1. How do we assess the population?
The information on scup was integrated into a useful mathematical model called an age-structured assessment program (ASAP). The population is modeled, much as the U.S. Census Bureau models human populations using similar data— population size at age, growth rates, age at maturity, reproductive potential and success, life span, and removals by deaths. This scup stock assessment model uses widely-accepted and commonly-used fishery science principles to analyze the population size. The data used have been collected annually since 1963 from fish caught (recreational (since 1981) and commercial) and fish sampled in the ocean (taken on research surveys.) A simpler assessment approach was used in the past because the analytical models (like ASAP) did not work well when they were attempted previously. The ASAP model utilizes more sources of information on scup which indicate age-structure and recruitment have improved in recent years.
2. How do we "check" the models?
By conducting a peer review of the assessment such as the December 2008 Northeast Data Poor Stocks Peer Review for scup. A working group of fishery scientists conducts a thorough evaluation of available data, methods and models, and selects those that best represent the scup population. This work is then “peer reviewed” by a group of independent experts. The peer reviews have validated assessment results and helped improve stock assessment methods and modeling. Stock assessment updates are conducted in the years between peer reviews. Updates include the most recent data, but apply the exact same methods that were validated by the peer-review. The 2010 stock assessment update included data through 2009.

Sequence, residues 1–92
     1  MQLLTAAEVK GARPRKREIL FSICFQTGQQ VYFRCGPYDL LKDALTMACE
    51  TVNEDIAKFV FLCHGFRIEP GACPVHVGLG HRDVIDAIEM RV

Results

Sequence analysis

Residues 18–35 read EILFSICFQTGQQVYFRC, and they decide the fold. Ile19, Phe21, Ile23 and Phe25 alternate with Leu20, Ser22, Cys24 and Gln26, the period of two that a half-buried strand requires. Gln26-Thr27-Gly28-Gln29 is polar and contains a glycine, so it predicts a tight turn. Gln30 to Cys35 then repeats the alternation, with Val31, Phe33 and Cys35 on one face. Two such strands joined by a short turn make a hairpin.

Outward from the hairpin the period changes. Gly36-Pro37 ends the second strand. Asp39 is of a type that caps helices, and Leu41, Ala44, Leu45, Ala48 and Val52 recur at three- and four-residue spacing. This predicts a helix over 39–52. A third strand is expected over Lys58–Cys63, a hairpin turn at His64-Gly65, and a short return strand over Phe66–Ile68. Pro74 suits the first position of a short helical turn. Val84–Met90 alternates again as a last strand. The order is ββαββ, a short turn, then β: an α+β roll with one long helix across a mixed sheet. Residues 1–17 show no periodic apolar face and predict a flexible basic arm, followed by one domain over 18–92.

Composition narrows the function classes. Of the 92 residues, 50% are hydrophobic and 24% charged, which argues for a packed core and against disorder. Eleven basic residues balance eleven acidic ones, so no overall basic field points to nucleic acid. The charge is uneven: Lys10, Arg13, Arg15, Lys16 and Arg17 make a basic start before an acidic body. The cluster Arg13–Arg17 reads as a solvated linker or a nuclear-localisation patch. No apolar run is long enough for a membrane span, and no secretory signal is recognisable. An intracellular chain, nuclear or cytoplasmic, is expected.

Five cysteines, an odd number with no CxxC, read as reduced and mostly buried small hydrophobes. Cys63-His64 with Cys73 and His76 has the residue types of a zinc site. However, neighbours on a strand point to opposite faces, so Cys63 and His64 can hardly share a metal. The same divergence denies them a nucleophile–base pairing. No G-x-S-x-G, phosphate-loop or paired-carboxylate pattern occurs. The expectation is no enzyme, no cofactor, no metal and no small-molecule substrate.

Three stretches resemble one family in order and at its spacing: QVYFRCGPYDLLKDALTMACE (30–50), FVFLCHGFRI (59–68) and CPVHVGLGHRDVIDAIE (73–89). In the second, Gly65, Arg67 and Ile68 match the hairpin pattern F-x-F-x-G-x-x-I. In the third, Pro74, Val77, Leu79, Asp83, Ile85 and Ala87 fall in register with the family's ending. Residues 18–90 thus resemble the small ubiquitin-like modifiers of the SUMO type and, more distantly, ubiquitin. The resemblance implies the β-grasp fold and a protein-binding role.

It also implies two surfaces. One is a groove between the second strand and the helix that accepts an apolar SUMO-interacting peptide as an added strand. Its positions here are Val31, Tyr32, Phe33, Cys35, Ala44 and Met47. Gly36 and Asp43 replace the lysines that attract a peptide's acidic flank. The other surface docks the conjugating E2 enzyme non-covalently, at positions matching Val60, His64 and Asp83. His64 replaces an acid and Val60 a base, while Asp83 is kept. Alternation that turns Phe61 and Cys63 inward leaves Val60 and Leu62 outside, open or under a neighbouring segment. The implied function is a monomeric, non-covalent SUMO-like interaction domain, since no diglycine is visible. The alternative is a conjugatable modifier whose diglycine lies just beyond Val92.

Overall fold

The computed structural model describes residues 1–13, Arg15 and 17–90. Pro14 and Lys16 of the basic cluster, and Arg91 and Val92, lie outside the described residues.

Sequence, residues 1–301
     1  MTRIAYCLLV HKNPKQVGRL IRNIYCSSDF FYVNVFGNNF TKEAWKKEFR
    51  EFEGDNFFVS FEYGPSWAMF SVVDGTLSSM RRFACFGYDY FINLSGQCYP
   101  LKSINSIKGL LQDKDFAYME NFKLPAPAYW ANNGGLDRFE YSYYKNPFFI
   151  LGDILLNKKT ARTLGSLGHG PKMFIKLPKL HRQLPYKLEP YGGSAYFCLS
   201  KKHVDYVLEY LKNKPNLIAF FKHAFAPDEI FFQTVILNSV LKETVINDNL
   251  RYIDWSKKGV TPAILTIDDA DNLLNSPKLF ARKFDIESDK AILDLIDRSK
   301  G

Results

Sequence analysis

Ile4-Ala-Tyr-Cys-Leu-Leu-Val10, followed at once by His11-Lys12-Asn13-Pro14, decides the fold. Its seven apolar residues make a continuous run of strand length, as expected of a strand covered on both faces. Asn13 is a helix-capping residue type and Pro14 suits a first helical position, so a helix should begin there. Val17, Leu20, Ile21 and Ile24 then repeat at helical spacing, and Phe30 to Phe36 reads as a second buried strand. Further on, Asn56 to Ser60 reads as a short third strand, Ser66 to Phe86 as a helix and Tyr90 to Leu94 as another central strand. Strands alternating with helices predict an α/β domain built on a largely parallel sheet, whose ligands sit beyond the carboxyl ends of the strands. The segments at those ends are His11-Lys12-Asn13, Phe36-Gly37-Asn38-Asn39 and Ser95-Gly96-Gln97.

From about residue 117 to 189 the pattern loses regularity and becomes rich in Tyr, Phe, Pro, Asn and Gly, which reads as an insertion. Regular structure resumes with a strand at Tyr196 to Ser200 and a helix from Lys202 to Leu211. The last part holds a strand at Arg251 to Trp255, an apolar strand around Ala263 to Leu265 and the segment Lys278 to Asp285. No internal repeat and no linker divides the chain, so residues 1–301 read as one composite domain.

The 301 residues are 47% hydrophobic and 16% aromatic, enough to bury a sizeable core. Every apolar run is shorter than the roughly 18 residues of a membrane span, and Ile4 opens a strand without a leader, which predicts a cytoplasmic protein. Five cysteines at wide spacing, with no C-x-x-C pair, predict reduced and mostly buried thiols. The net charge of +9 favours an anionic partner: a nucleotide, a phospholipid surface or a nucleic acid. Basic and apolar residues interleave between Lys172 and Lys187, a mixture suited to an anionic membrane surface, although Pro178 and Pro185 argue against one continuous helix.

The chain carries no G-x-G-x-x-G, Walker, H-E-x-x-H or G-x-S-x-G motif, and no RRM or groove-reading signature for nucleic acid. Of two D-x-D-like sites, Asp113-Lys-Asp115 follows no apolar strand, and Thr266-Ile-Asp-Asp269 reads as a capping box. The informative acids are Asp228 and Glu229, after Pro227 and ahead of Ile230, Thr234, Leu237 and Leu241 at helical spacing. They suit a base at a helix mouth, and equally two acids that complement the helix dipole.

3. Is the scup stock rebuilt?
The December 2008 data poor stock peer review set the rebuilding goal as 203 million pounds of spawning stock biomass. The stock is no longer under a rebuilding program because the spawning stock biomass exceeded the rebuilding goal in the most recent five years, 2004-2009. The most recent stock assessment update indicated that the 2009 spawning stock size is about 170% of the biomass goal.
4. Are we overfished or overfishing?
No, the stock is not considered overfished and is not currently experiencing overfishing.
5. Have harvest quotas and limits been set too low in the past?
No. The quotas and limits have been set consistent with the scientific advice. The Data Poor Stocks Peer Review Panel stated that, “rapid increases in quota to meet the revised MSY [maximum sustainable yields] would be unwarranted given uncertainties in recent recruitments” and, “a more gradual increase in quotas is a preferred approach reflective of the uncertainty in the model estimates and stock status”.